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Governor Evers Orders Suspension of Evictions and Foreclosures for 60 Days During COVID-19 Crisis

On March 27, 2020, Governor Evers issued Emergency Order #15, which temporarily bans evections and foreclosure actions over the next 60 days. Landlords and financial institutions must take note of the various restrictions imposed by Emergency Order #15.

Provisions Affecting Landlords

First, a landlord’s ability to serve notice terminating a tenancy is limited. Landlords may not serve a notice terminating tenancy on the basis of a tenant’s failure to pay rent. Additionally, a landlord’s ability to serve a notice terminating tenancy for any other reason is also severely restricted. Landlords may not serve notice terminating tenancy for any other reason, unless the notice is accompanied with an affidavit evidencing a reasonable belief that the failure to commence an eviction action will result in an imminent threat of serious physical harm to another person. This affidavit must provide the basis for such reasonable belief.

Second, landlords are restricted from commencing a civil action seeking eviction except in limited circumstances. A landlord may only commence a civil action seeking eviction if: 1) the eviction is not based on failure to pay rent; and 2) the judicial action is accompanied with an affidavit evidencing a reasonable belief that the failure to commence an eviction action will result in an imminent threat of serious physical harm to another person.

Third, a landlord may not deliver a writ of restitution to the sheriff unless the eviction order was not based on failure to pay rent and it is accompanied with affidavit evidencing a reasonable belief that the failure to commence an eviction action will result in an imminent threat of serious physical harm to another person. Likewise, a sheriff may not act on an eviction order unless those conditions are met.

However, if the tenant is holding over on the property, in violation of Wisconsin Statute § 704.25, the Emergency Order does not bar a landlord’s right to seek relief against the hold-over tenant.

Financial Institutions and Mortgagees

Likewise, the Emergency Order limits the rights of financial institutions and other mortgagees. A mortgagee is prohibited from commencing a civil action to foreclose upon real estate. Mortgagees are prohibited from requesting or scheduling a sheriff’s sale of the mortgage premise. Likewise, a sheriff may not conduct sheriff’s sales of mortgaged premises, nor may sheriffs act on any order of foreclosure or execute any writ of assistance related to foreclosure. However, mortgagees may still foreclose against abandoned property under Wisconsin Statute § 846.102.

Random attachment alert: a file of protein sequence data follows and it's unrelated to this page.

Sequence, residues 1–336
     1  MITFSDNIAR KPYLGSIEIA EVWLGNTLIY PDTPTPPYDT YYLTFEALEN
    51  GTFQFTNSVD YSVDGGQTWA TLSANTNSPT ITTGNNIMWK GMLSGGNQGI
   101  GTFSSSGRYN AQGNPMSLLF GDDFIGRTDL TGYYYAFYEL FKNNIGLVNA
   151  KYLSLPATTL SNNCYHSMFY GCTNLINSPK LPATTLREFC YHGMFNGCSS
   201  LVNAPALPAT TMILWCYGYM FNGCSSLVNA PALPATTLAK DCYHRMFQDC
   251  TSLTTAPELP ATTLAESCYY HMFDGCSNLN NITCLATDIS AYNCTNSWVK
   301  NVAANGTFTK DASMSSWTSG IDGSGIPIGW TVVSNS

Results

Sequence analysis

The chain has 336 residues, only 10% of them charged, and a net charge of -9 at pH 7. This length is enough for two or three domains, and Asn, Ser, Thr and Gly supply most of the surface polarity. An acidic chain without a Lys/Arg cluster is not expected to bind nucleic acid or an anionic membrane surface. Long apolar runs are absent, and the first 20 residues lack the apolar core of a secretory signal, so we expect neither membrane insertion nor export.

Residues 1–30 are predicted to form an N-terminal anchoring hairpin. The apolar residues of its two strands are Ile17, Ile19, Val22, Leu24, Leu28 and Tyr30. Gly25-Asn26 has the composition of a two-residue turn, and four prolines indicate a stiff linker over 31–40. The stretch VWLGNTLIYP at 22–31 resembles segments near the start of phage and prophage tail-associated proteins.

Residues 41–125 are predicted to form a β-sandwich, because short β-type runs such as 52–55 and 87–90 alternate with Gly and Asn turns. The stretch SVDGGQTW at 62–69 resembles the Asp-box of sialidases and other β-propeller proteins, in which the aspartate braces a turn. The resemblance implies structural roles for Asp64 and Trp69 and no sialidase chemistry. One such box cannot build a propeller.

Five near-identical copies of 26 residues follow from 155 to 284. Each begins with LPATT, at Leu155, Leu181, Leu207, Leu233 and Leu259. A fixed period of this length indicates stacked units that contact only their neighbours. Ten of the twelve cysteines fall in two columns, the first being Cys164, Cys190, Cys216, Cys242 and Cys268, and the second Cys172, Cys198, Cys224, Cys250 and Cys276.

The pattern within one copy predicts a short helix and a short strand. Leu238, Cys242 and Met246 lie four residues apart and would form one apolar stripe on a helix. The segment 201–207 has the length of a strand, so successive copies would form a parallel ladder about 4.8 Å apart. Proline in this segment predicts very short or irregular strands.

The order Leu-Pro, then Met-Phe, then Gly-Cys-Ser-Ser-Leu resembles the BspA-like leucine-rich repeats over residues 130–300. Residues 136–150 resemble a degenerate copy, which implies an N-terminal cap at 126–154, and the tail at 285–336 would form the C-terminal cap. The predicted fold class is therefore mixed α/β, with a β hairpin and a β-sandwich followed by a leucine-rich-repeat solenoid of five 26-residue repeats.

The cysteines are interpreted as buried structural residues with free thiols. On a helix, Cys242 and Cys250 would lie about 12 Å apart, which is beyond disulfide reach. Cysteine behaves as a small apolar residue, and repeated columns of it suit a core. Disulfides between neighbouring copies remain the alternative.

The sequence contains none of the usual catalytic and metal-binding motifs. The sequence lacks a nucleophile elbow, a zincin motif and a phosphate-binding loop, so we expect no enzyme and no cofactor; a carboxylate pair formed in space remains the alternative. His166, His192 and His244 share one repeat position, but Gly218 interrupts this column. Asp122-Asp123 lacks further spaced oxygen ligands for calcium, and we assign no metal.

Order Does Not Relieve Obligation to Pay Rent or Mortgage

The Emergency Order is clear that nothing in the order should be construed as relieving an individual of their obligations to make rent and mortgage payments. Nor does the order relieve an individual of any other obligation it may have under a tenancy or mortgage.

The Emergency Order is effective as of March 27, 2020, and shall remain in effect until May 26, 2020 (60 days).

Landlords and mortgagees will want to think creatively, both in working with their borrowers during this time and in order to protect their rights, as Emergency Order #15 is in effect. During this time, communication and collaboration will be key. Proactive steps to begin working together will lead to a mutually agreeable path through these trying times. 

© 2020 Davis|Kuelthau, s.c. All Rights ReservedNational Law Review, Volume X, Number 91

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About this Author

Sherry Coley Litigation Attorney Davis Kuelthau
Shareholder

Sherry is a member of Davis|Kuelthau’s Litigation Team practicing in the Green Bay office. Her practice primarily focuses on complex business litigation, with an emphasis on contract disputes, business torts, financial services litigation, real estate foreclosures and work-outs, and tax assessment appeals.

Sherry is also a member of the Intellectual Property Team representing clients in district courts across the country, as well as, in the Ninth and Federal Circuit Court of Appeals. She has litigated patent, trademark, copyright, unfair competition and trade secret cases in a wide...

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Tiffany Woelfel Davis Kuelthau Litigation Attorney
Associate

Tiffany Woelfel is a member of the firm’s Litigation Practice in Davis|Kuelthau’s Green Bay office.

Prior to joining the firm, Tiffany was a judicial law clerk for the Honorable William C. Griesbach, Chief Judge of the United States District Court for the Eastern District of Wisconsin, and for the Honorable Joe B. McDade, Senior Judge in the United States District Court for the Central District of Illinois. While in law school, she was also a judicial intern for the Honorable William M. Conley, Judge for the Western District of Wisconsin. She gained experience in the federal law and civil procedure, as well as Wisconsin and Illinois state law.

While in law school, Tiffany was on the executive board of the Wisconsin Moot Court board and member of the Wisconsin Law Review. She also gave back to her community and completed over 150 pro bono hours while in school. In 2016, she was named the Dane County Bar Association Pro Bono Publico Law Student of the Year.

Before law school, she double majored in International Business and Non-profit Management at the University of Minnesota. She also spent two years teaching sixth grade math in Mississippi as part of Teach for America.

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